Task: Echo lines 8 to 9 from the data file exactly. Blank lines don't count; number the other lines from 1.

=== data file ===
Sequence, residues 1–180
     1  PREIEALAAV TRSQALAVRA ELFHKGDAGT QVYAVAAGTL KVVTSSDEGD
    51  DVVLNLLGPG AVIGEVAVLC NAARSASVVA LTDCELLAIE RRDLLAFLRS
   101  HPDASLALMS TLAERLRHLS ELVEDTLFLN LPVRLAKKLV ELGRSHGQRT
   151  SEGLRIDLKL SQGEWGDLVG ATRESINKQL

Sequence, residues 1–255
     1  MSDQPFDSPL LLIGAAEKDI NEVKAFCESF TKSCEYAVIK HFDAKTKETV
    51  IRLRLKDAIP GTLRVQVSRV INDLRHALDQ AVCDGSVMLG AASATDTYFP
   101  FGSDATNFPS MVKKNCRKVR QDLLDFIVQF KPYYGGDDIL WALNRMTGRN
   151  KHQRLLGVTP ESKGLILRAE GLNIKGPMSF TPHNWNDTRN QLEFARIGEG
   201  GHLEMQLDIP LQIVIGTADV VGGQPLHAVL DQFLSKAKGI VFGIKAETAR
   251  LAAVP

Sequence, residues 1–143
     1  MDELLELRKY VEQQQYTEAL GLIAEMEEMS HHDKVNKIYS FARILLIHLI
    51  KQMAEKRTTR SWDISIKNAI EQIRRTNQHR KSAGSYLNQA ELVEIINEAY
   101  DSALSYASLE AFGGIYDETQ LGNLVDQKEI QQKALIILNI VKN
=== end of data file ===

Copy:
    51  IRLRLKDAIP GTLRVQVSRV INDLRHALDQ AVCDGSVMLG AASATDTYFP
   101  FGSDATNFPS MVKKNCRKVR QDLLDFIVQF KPYYGGDDIL WALNRMTGRN